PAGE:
The shimmering panels of Bilbao’s Guggenheim Museum may capture visitors’ oohs, but it’s the giant Puppy that draws all the awes. Standing at 43 feet tall, the flower-covered topiary stands out as a colorful symbol of Spain’s fifth-largest city, and will undoubtedly capture both your heart and the attention of your camera lens.
This cuddly canine giant was created by Jeff Koons, the American artist who found fame during the 80s, particularly for his pieces that hover between pop and pure kitsch. The life of this flowery man’s best friend didn’t start in Spain, though, but rather in Germany, where it was originally commissioned for a castle. Not done with traveling, the West Highland White Terrier puppy relocated to Sydney Harbour’s Museum of Contemporary Art, and ultimately to the grounds of Bilbao’s museum, where it is now part of its permanent collection. Since then, its journey has continued, making a temporary appearance in New York’s Rockefeller Center.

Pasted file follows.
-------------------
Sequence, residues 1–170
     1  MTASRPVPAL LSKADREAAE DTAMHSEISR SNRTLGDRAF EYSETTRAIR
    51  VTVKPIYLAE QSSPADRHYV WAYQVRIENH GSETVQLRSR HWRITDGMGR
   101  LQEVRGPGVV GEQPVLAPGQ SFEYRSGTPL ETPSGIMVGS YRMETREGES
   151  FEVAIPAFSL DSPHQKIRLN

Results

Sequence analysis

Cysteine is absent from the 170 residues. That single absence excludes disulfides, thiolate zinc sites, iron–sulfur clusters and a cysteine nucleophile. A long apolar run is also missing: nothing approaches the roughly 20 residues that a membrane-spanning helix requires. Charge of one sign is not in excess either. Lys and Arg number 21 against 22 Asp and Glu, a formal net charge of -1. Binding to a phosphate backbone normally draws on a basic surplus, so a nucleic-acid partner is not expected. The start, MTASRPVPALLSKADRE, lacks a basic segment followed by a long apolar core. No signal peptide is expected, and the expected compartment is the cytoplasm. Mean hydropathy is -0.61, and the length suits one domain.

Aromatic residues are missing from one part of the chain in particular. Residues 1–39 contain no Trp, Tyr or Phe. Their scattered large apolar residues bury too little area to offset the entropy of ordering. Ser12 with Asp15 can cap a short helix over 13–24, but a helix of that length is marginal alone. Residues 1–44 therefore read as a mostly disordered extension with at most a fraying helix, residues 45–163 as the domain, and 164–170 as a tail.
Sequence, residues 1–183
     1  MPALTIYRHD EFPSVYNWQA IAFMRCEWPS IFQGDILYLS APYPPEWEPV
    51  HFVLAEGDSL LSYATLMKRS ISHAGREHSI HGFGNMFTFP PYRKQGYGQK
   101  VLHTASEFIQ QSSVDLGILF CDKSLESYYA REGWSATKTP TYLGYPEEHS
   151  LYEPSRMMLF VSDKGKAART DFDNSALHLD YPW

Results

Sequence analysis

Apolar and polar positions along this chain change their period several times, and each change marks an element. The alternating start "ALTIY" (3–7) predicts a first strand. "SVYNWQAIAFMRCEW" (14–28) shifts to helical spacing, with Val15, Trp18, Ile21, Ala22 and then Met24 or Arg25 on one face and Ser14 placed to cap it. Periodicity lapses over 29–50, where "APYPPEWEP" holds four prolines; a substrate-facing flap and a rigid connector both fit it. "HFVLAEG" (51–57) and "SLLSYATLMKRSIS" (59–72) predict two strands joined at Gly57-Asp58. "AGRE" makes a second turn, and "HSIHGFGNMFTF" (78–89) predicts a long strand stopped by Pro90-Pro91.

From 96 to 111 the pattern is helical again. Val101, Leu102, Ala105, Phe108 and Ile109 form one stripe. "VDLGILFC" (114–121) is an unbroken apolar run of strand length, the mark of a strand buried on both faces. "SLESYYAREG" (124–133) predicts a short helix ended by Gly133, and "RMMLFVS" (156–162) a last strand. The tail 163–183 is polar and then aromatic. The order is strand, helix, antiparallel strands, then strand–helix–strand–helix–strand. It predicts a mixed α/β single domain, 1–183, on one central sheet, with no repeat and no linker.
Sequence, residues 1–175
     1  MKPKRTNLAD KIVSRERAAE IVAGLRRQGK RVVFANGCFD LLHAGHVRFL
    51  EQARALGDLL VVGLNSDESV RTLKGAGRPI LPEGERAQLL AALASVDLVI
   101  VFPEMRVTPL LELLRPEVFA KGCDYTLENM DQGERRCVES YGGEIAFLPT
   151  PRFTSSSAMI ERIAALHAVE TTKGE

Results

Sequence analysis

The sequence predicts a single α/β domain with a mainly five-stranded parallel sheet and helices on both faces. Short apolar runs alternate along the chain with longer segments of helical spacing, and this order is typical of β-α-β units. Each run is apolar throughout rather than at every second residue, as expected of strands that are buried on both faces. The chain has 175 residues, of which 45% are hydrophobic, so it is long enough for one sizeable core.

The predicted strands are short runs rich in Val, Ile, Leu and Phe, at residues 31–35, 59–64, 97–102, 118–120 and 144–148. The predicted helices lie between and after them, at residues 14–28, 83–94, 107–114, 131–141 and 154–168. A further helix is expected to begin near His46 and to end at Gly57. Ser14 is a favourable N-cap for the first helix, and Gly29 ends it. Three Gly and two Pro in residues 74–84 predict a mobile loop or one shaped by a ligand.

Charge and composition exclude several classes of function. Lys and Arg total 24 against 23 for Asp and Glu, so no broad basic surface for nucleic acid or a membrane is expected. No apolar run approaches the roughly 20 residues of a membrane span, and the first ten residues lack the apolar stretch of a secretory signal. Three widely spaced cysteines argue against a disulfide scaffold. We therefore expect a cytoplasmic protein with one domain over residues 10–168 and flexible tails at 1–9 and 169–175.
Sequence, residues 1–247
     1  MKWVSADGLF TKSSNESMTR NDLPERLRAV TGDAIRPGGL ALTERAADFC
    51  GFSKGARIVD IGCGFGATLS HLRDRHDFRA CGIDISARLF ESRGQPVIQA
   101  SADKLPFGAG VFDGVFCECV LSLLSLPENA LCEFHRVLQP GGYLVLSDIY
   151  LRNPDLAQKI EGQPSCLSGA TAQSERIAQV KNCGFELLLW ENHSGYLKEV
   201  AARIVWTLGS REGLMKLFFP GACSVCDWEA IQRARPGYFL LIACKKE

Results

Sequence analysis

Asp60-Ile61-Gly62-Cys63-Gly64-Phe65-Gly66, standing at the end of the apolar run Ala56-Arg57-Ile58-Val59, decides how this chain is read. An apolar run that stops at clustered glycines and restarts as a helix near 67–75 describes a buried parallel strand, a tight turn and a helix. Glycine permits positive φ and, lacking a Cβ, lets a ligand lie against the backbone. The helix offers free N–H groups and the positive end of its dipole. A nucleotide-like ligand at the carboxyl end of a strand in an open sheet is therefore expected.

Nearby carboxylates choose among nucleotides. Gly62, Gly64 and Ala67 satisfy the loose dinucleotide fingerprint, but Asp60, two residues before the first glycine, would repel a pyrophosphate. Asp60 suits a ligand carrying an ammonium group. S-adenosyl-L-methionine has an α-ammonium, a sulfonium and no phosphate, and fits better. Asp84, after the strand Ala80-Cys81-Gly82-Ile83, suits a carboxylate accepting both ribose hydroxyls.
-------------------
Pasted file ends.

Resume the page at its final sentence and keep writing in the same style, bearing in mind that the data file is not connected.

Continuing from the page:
These days it’s back home, though, where it has become an almost universally recognizable image of Bilbao, the Spanish industrial city that rises as an artistic and culinary metropolis. Filled with over 25 tons of soil, the chrome-and-stainless-steel structure is covered in some 70,000 blooming and growing flowers that range from marigolds to begonias, petunias, impatiens and more.
Good news: The beloved Puppy can be appreciated without actually paying to enter the Guggenheim, as it is located in Aguirre Plaza, just outside the museum’s main entrance.